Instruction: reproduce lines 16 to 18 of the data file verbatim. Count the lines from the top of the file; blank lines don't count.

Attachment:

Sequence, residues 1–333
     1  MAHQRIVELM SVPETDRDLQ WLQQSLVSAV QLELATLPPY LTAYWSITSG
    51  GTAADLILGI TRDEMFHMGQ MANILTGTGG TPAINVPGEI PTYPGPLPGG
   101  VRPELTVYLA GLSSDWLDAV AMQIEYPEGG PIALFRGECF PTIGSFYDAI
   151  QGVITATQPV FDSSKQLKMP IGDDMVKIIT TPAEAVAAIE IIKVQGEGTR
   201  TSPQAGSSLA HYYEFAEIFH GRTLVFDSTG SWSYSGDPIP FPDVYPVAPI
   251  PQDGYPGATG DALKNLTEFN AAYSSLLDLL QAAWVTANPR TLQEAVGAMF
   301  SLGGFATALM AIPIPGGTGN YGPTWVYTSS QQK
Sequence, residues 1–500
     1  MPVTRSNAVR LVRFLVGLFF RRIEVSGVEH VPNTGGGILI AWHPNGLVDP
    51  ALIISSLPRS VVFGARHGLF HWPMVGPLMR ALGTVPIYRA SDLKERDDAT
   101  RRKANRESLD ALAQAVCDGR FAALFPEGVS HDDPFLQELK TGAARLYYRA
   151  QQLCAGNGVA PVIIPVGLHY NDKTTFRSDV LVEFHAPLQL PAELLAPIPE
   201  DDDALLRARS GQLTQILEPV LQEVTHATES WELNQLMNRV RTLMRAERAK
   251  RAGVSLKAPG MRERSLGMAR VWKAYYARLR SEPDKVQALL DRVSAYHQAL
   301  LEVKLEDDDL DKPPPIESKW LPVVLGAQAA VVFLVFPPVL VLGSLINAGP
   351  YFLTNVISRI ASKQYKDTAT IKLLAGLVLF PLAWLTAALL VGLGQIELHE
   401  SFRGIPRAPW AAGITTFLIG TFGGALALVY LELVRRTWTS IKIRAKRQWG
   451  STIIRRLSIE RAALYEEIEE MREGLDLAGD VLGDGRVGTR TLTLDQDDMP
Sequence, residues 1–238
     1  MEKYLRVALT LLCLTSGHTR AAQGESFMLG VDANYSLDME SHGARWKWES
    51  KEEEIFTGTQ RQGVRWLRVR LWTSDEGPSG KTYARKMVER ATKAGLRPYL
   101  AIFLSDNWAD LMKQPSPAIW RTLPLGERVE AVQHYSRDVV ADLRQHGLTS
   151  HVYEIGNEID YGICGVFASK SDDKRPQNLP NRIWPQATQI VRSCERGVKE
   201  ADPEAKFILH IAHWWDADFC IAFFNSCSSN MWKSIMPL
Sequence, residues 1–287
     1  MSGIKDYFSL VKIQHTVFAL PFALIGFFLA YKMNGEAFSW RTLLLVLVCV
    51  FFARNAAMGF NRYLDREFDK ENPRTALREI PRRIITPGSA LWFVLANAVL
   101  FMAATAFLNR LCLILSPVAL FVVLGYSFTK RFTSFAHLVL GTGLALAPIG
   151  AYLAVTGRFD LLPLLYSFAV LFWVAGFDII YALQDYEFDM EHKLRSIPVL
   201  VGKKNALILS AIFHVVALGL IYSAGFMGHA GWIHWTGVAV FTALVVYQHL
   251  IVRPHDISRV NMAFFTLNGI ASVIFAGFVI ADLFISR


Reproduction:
   301  LEVKLEDDDL DKPPPIESKW LPVVLGAQAA VVFLVFPPVL VLGSLINAGP
   351  YFLTNVISRI ASKQYKDTAT IKLLAGLVLF PLAWLTAALL VGLGQIELHE
   401  SFRGIPRAPW AAGITTFLIG TFGGALALVY LELVRRTWTS IKIRAKRQWG